“We are deeply disappointed in the U.S. Department of Commerce’s decision to accept such a broadly defined scope for this ruling, and to levy harsh, protectionist tariffs,” said Robert Petrina, managing director of Yingli Green Energy Americas. “It’s well known that our customers, partners, and other stakeholders represent the majority of the solar industry and U.S. jobs. We will continue our vigorous defense on their behalf with the hope that national efforts to increase solar power’s cost-competiveness are not derailed further.”
According to the Coalition for Affordable Solar Energy (CASE) this ruling will not only increase the cost of solar imports but will also adversely affect U.S. solar manufacturers. For example, following the announcement Hemlock Semiconductor announced it will close down its plant in Clarksville, Tennessee where the company produced silicon for solar panels. The company cited the ruling as a factor in its decision to close down U.S. production. CASE also says the decision will affect Georgia-based Suniva company.
“Imposing unilateral tariffs on all solar modules assembled in China, including those with solar cells produced in the U.S., Taiwan or any third country, will undercut the growth of American solar jobs and hurt our domestic solar industry,” said Jigar Shah, CASE president.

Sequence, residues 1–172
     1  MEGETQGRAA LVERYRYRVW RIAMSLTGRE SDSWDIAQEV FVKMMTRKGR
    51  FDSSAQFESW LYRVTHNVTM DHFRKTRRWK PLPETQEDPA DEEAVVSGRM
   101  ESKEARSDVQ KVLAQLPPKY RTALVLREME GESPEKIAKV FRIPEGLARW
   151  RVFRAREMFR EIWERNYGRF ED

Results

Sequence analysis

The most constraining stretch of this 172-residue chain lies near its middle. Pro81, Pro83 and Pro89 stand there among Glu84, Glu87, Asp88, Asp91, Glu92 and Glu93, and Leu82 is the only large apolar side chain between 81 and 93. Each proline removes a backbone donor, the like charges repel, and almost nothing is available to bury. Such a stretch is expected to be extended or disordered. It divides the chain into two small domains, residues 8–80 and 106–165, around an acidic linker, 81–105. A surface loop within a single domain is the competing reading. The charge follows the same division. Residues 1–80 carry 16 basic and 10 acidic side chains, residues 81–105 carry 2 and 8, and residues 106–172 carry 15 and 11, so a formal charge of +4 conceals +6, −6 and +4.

“Suniva, based in Norcross, Georgia, is America’s leading solar manufacturer. But the Department of Commerce’s decision to broaden the scope of the case may put American companies like Suniva in the bizarre position of paying severe import duties on a product (PV cells) they manufactured in America when those cells are assembled into modules in China,” continued Jigar. “More drastically, Hemlock Semiconductor announced that it plans to close its Clarksville, Tennessee manufacturing plant due to ‘ongoing challenges presented by global trade disputes.’ Over $1.2 billion of investment and 50 jobs will be lost, in addition to the 400 jobs already lost to layoffs in 2013 as a result of the initial 2012 tariffs.”
Jigar said that due to the global threat of climate change and the need to reduce carbon emission, it makes no sense to impose tariffs on solar imports. He urges the U.S and Chinese governments to negotiate free and fair trade in the global solar industry.
Did you find your favorite gadget under the tree this year? Our results were pretty evenly spread out. I was excited to see many were wanting to utilize drone technology. But the GoPro video camera exceeded all other gadgets. I think that might be what I use my Christmas money on.
Here are the poll results:
- Smart Phone – 12%
- Tablet – 9%
- Hybrid Laptop – 0%
- Wearable Tech – 9%
- Mobile Power Supply – 5%
- Cordless Power Tools – 9%
- Drone – 12%
- Camera – 9%
- GoPro Video Camera – 26%
- Bluetooth Speakers/headphones – 3%
- Other – 6%
Our new ZimmPoll is now live and asks the question, What do you think were the biggest ag stories of 2014?